Who says a little sunshine and sandy toes can’t be enjoyed every season of the year? Fall is just around the corner and I can’t wait for temperatures to drop so I can explore our beautiful parks, without the summer heat!
Crystal blue waters, white-powder beaches, and salt marshes line the Florida Gulf Coast. Now is the perfect time to get outside with family/ friends and explore this beautiful area we get to call home, the Florida Panhandle.
Below is a list of my favorite parks in Pensacola, and surrounding areas.
Pristine water, and sugar soft white beaches that stretch as far as your eyes can see. Load up the sunscreen, hatch on the bikes and head out to the beach. Ft. Pickens is located on the western tip of Pensacola Beach, enjoy views of untouched dunes and salty pine smells all the way to your picnic spot at Battery Worth. Go and gain knowledge about this historic fort which was completed in 1834. Last time I went I spotted a Osprey and a Red-Winged Blackbird. Continue reading about Ft. Pickens natural beauty here, in my more in depth article.
Big Lagoon State Park
Just 10 miles southwest of Pensacola along Route 292-A, you’ll find one of my best kept secrets… Big Lagoon State Park. Salt marshes, boarded walkways, run/walking trails, and the great outdoors. Ahh. Rent a kayak for the afternoon, bring a picnic for the whole family, or launch the boat for a sunrise cruise. The days is yours, and the views are spectacular. I went last week and spotted a Red-Shoulder Hawk while trail running.
Entry Fee is $6.00 and Camping Fee is $16.00 – Would you like a free daily – entry card? Join Friends of Pensacola State Parks, and you can get in 3 area parks for free. As a Volunteer Membership Coordinator for Friends of Pensacola State Parks, I encourage you to read on and join this organization, or volunteer at our next event.
Our next event is on November 18th: The Heron Trot 5K Sign Up Here
Yoga, Nature Trails, and Kayaks free after 5K
Perdido Key State Park
Enjoy 247-acres of untouched life on a barrier island. Welcome to Perdido Key State Park. Boardwalks, covered picnic tables, and gulf views. Make sure to make it here this fall to enjoy a walk, notice the suns reflection off the water or read a book by the shore.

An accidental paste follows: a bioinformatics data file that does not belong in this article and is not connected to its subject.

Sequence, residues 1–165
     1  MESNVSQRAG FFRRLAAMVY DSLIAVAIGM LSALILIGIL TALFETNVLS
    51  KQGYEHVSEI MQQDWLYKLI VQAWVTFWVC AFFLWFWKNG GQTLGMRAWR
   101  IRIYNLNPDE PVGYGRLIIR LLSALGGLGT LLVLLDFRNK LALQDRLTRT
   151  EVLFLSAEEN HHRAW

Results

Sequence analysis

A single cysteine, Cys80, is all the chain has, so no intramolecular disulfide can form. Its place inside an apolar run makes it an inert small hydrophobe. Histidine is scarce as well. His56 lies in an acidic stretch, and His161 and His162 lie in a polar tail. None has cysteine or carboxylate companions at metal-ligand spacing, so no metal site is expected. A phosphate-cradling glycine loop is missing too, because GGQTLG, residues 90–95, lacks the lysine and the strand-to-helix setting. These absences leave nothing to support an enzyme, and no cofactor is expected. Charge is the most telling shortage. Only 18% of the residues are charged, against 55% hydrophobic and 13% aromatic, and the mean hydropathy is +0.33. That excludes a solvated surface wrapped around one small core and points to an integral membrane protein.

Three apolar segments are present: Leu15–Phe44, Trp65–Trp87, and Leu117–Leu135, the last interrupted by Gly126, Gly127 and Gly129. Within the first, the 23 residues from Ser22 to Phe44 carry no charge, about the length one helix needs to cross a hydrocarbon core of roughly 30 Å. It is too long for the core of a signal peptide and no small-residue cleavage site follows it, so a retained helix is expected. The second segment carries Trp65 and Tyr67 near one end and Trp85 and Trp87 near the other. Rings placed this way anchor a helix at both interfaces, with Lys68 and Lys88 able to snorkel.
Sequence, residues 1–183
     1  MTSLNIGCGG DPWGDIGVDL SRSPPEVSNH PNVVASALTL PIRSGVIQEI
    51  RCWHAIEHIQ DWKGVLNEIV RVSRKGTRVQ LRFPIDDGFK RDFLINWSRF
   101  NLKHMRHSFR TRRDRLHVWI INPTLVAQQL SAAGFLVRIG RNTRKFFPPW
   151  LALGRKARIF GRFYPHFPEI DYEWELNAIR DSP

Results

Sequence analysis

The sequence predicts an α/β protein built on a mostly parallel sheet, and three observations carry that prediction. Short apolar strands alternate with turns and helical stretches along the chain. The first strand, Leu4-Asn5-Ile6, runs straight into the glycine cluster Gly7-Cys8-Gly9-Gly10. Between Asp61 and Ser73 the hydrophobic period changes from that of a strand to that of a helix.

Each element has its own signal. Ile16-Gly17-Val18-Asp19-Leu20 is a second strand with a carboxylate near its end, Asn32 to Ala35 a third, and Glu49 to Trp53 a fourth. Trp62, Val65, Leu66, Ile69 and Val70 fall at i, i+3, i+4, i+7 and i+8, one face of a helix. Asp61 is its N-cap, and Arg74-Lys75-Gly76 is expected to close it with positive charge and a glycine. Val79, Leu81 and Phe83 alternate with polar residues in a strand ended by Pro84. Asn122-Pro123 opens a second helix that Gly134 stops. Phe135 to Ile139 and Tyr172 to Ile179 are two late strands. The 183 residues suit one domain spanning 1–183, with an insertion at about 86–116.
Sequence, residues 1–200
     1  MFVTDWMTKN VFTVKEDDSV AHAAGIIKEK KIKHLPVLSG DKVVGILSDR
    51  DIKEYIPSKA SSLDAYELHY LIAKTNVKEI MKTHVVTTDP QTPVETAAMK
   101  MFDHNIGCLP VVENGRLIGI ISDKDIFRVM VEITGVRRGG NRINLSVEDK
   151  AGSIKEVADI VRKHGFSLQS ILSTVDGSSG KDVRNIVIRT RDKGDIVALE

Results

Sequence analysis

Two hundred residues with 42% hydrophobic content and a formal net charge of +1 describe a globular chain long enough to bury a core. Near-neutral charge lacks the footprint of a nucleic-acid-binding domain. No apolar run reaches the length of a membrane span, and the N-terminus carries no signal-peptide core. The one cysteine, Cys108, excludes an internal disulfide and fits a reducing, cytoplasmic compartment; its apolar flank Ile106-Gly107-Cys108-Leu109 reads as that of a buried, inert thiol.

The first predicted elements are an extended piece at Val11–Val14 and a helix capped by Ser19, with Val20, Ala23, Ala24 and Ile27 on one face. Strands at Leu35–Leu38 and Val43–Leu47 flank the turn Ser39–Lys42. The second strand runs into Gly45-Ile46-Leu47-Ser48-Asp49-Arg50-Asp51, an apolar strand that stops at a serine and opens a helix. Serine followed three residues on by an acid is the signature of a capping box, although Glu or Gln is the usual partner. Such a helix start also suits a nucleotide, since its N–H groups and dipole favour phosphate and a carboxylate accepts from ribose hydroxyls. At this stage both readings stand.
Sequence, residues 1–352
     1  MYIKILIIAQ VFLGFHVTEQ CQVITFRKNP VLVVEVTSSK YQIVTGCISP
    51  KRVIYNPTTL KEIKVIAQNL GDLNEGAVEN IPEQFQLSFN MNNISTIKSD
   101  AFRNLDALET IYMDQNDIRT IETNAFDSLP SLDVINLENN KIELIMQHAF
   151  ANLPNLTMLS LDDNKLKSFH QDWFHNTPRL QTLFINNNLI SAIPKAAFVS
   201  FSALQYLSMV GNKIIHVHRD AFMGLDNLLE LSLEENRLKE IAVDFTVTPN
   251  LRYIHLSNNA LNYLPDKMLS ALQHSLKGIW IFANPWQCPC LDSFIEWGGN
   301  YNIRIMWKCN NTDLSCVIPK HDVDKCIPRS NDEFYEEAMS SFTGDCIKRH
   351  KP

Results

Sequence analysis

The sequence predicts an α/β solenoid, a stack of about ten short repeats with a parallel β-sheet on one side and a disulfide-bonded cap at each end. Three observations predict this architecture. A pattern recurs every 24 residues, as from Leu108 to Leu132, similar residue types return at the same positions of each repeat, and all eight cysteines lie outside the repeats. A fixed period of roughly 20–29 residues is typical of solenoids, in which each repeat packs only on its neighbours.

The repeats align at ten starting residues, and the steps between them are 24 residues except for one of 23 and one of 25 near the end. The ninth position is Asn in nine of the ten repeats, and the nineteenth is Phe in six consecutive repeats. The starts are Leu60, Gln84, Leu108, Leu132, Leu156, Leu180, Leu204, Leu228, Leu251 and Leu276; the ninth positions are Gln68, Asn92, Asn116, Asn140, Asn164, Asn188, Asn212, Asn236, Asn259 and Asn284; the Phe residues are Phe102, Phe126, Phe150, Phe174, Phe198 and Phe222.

Tarkiln Bayou Preserve State Park
The name, Tar Kiln comes from the 1800’s when local pine tar was used as an important resource for the maritime industry. It was also used in the production of soaps and animal medicines. Take a short hike at the main nature trail or for a more adventurous outing, visitors can take a day-hike across the park to the Perdido River.
Blackwater River State Park
Glide among water tuelpo trees and bald cypress, on bike, canoe, kayak or your own two feet. Blackwater River State Park offers opportunities for a variety of outdoor activities, two nature trails and 30 campsites. The Blackwater Heritage State Trail, starting near Milton, FL and continuing 8.1 miles, is the perfect place to take an afternoon stroll. Call up a few friends and get on the river before it gets too cold! Photo below:
Located in Gulf Breeze, FL – Shoreline Park is connected to the Gulf Breeze Recreation Center aka ‘The Rec.’ A new trail has been laid out connecting the Gulf Breeze City Hall and the Shoreline Park Boat Launch. Pictured here is my good friend and I enjoying a morning bike ride. Oh but I do love going to the pier and eating an ice cream every once in a while.
UWF Baars-Firestone and Edward Ball Trail
Both of these trails are on the University of West Florida’s Campus, The Edward Ball Nature Trail is a leisurely half – mile through Thompson’s Bayou, walking along the boardwalk you may find a variety of songbirds, and water fowl. Baars-Firestone is rather woodsy and a tad overgrown (for me) for a run, BRING bug spray, I got stung here!
Naval Live Oak
My go-to trail run. A total of 7.5 miles of trails can be explored right in Gulf Breeze, the ‘Bluffs’ is a popular place to dock for the day and explore by foot the surrounding area. Directly behind the main head-quarters is Brackenridge Nature Trail. Beautiful views of the Santa Rosa Sound can be seen from this side.
So now you know it’s not just our squeaky sand that lures people to my hometown. Or the families from all over the country who come here to take advantage of the surf, water sports, seafood, and fishing charters.
It’s also the wildlife enthusiast, nature go-ers, and active travel seekers.
While living in India this year (2017) I learned about nature based tourism, wildlife photography, and conservation. And when I came back home I realized this too is another beautiful thing the Gulf Coast offers, for the young and the old. So get outside and explore this beautiful stretch of land we call… home.
Til Next Time!